Take the 2-minute tour ×
Stack Overflow is a question and answer site for professional and enthusiast programmers. It's 100% free, no registration required.

Let's say I have the following classes set up:

class Foo:
     def __init__(self, frob, frotz):
          self.frobnicate = frob
          self.frotz = frotz
class Bar:
     def __init__(self, frob, frizzle):
          self.frobnicate = frob
          self.frotz = 34
          self.frazzle = frizzle

How can I (if I can at all) use super() in this context to eliminate the duplicate code?

share|improve this question

2 Answers 2

up vote 17 down vote accepted

Like this:

class Foo():
    def __init__(self, frob, frotz)
        self.frobnicate = frob
        self.frotz = frotz

class Bar(Foo):
    def __init__(self, frob, frizzle)
        super().__init__(frob, 34)
        self.frazzle = frizzle

Read more here: http://docs.python.org/3.1/library/functions.html#super

EDIT: As said in another answer, sometimes just using Foo.__init__(self, frob, 34) can be the better solution. (For instance, when working with certain forms of multiple inheritance.)

share|improve this answer
9  
Just to be clear, this is only python >= 3.0. For older pythons (but only those with "new-style classes"), @ire_and_curses answer describes what needs to be done. –  Dav Clark Mar 28 '11 at 3:25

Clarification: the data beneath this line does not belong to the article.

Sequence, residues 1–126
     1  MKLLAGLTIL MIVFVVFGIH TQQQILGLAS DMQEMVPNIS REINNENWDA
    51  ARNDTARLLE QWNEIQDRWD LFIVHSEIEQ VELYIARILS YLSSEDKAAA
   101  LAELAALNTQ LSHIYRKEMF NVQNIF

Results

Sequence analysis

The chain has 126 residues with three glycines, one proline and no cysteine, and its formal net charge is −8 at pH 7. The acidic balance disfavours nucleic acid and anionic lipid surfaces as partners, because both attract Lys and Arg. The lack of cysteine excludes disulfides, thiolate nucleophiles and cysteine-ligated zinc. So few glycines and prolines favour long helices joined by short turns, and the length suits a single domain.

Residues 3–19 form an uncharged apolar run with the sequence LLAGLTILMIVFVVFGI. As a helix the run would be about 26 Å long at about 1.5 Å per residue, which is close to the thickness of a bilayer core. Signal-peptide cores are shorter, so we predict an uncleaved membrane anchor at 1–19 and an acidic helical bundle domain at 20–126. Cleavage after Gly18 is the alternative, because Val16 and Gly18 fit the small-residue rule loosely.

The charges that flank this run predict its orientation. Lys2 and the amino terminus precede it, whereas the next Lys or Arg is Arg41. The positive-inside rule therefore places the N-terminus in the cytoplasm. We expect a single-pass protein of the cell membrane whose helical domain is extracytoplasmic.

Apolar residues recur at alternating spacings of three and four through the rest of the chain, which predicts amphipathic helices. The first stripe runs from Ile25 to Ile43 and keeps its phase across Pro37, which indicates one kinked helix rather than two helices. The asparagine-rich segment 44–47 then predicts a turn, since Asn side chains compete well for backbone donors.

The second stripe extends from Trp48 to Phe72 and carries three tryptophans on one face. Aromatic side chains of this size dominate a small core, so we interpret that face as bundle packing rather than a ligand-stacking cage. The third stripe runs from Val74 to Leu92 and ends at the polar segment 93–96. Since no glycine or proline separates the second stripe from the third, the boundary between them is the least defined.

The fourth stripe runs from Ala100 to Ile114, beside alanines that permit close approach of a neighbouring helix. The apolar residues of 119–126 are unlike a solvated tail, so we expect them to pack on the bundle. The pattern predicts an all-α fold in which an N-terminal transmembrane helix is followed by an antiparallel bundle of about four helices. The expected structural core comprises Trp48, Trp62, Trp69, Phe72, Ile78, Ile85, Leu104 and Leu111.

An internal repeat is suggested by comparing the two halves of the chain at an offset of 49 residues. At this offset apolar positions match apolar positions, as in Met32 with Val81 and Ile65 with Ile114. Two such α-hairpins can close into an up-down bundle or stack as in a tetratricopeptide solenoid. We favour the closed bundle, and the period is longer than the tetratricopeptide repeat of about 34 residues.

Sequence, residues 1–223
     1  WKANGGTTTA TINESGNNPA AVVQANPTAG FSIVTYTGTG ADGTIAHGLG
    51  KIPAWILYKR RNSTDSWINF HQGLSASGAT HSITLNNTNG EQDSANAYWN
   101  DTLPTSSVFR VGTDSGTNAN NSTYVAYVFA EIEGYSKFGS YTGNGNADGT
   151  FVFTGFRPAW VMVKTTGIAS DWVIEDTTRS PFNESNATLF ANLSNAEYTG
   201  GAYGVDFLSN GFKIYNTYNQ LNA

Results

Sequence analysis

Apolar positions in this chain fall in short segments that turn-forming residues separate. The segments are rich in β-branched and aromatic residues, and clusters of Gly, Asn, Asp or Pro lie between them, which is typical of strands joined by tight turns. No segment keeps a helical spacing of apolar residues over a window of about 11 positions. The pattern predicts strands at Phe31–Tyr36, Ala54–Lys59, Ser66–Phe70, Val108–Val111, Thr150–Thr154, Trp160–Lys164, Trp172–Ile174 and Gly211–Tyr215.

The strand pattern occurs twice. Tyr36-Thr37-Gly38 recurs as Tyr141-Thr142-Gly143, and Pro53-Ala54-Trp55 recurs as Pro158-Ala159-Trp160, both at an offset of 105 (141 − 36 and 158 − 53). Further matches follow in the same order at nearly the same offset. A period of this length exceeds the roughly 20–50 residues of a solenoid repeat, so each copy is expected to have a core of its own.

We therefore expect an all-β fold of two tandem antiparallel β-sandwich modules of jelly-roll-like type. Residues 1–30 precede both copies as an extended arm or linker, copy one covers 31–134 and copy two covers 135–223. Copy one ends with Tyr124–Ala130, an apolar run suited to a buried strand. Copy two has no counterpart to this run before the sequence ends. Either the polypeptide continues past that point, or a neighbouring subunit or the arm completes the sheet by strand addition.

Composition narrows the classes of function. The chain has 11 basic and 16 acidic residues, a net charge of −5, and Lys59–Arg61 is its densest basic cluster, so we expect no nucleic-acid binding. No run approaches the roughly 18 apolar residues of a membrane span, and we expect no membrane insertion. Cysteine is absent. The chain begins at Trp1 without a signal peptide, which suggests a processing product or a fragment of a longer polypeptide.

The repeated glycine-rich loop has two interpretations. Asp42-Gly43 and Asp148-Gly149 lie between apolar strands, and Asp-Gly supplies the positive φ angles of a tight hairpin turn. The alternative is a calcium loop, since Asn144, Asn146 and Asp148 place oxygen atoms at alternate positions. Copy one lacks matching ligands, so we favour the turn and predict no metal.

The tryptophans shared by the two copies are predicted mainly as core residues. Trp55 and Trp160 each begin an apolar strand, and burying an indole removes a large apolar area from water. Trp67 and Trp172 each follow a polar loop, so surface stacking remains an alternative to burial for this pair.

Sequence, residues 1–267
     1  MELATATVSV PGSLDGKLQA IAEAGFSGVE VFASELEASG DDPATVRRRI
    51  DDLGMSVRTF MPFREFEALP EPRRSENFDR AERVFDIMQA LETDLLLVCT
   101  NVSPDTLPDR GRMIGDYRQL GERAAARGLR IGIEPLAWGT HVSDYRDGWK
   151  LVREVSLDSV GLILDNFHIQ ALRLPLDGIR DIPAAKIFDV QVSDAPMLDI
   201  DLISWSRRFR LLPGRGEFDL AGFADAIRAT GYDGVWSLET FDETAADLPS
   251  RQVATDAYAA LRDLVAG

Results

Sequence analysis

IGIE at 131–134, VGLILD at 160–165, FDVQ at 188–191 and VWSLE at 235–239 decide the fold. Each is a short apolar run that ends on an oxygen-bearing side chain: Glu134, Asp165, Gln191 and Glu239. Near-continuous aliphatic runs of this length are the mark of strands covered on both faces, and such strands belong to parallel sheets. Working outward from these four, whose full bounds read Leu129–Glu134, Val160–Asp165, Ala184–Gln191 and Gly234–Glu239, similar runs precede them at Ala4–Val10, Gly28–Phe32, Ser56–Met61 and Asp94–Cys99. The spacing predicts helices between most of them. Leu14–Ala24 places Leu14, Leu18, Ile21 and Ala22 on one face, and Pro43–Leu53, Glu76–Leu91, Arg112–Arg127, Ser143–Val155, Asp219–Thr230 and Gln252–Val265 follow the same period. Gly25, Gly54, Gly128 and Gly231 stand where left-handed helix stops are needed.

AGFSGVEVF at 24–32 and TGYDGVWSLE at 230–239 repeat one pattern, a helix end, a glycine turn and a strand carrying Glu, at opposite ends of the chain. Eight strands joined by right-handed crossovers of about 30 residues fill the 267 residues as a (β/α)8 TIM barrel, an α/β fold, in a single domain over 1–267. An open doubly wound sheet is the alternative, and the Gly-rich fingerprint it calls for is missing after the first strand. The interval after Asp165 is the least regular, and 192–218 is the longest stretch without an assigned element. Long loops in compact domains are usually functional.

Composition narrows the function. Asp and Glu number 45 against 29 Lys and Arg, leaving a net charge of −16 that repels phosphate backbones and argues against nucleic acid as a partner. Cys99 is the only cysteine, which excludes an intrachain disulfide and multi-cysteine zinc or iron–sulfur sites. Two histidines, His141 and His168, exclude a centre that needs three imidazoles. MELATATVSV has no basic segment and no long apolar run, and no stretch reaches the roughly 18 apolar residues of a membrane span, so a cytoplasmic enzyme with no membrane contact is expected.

Assuming you want class Bar to set the value 34 within its constructor, this would work:

class Foo(object):
     def __init__(self, frob, frotz):
          self.frobnicate = frob
          self.frotz = frotz

class Bar(Foo):
     def __init__(self, frob, frizzle):
          super(Bar,self).__init__(frob,frizzle)
          self.frotz = 34
          self.frazzle = frizzle


bar = Bar(1,2)
print "frobnicate:", bar.frobnicate
print "frotz:", bar.frotz
print "frazzle:", bar.frazzle

However, super() introduces its own complications. See e.g. super considered harmful. For completeness, here's the equivalent version without super().

class Foo(object):
     def __init__(self, frob, frotz):
          self.frobnicate = frob
          self.frotz = frotz

class Bar(Foo):
     def __init__(self, frob, frizzle):

          Foo.__init__(self, frob, frizzle)
          self.frotz = 34
          self.frazzle = frizzle


bar = Bar(1,2)
print "frobnicate:", bar.frobnicate
print "frotz:", bar.frotz
print "frazzle:", bar.frazzle
share|improve this answer
    
why are you setting Bar.frotz = frizzle through the super class constructor then setting it to 34 seperately? shouldn't you just have __init__(frob,34)? –  Victor Jul 23 '09 at 20:03
1  
Yes, that would work too, and would be cleaner. The example is rather contrived (setting a constant in a constructor), but I was trying to stay as close to the original as possible. –  ire_and_curses Jul 23 '09 at 20:58
    
i don't know if that's a good way to do it... consider the case where the super constructor performs an operation on frotz and frizzle is a class, your code won't run or much worse things could happen. –  Victor Jul 23 '09 at 23:23

Your Answer

 
discard

By posting your answer, you agree to the privacy policy and terms of service.

Not the answer you're looking for? Browse other questions tagged or ask your own question.